Judith Weir’s The Vanishing Bridegroom consists of three Scottish folktales, connected by the evolution of their central characters.
In ‘The Inheritance’ three sons ask their late father’s friend, the Doctor, for help when their inheritance money is found missing. He tells them a parable of a Bride who swore to love one man, but was forced to marry another. When the Bridegroom finds out about the woman’s Lover, he gives her back her dowry and sends the Bride back to her Lover. The Lover, however, refuses the money and sends her back to her husband. On the journey back, the Bride is stopped by three Robbers. Two Bad Robbers take her money and run, but the third one helps her to get home. When the Doctor asks the Sons who was the best character in this story, the Youngest Son claims it was the Bad Robbers who ended up with the money, and so the mystery of where the inheritance has gone is solved.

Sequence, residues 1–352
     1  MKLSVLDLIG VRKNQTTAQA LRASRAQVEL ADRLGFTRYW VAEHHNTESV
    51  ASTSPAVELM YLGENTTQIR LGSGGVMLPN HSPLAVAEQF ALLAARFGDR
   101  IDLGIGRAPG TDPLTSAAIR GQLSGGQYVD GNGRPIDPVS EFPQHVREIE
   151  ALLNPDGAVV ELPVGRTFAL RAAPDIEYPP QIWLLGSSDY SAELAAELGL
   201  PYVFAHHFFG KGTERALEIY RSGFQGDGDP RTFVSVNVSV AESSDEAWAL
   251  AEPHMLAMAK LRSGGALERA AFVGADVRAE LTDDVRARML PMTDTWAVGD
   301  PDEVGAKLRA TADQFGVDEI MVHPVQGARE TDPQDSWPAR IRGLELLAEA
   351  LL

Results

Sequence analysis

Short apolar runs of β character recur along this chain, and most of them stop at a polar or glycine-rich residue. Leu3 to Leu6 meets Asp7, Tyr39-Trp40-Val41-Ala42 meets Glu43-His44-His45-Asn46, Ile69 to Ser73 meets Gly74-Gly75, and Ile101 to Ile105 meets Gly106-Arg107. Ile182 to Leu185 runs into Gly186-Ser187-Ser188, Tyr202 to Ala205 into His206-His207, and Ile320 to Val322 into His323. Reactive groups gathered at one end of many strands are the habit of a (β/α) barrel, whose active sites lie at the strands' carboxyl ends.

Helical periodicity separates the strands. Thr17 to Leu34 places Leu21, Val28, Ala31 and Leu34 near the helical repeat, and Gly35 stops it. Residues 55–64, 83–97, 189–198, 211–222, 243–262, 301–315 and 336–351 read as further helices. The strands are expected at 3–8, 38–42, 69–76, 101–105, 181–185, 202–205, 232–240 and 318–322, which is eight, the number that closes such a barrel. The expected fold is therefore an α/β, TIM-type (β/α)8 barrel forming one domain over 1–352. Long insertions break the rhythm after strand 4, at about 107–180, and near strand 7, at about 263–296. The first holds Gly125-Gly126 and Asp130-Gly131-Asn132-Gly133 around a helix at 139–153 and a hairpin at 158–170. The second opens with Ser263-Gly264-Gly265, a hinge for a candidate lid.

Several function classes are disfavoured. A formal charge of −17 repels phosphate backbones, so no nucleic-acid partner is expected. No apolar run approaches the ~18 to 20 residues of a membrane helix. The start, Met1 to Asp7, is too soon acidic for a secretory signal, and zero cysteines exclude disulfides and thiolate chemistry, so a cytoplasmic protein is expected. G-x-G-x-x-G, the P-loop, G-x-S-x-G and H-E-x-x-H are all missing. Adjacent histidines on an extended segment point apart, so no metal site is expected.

In ‘The Disappearance’, a Husband sets out from home, the night his baby daughter is born, to fetch a priest to christen the baby. On the way, he disappears into a hill. The Husband’s Friend, who accompanied him, tries to explain to the Policeman that they must wait for him to return. They wait for years, while the baby girl grows into a young woman, and just at the moment when the Policeman decides to arrest the Husband’s Friend, the Husband returns. He has been away only moments.
In ‘The Stranger’, the Daughter, now a grown woman, meets a Stranger on the hillside who asks her to marry him. She is suspicious of a man with hooves and horns, and her suspicion is confirmed by the Preacher; this man must be the devil himself. Circled by the protection laid down by the Preacher, the Daughter resists every force the devil can summon, using the words of an old folk song for her protection.
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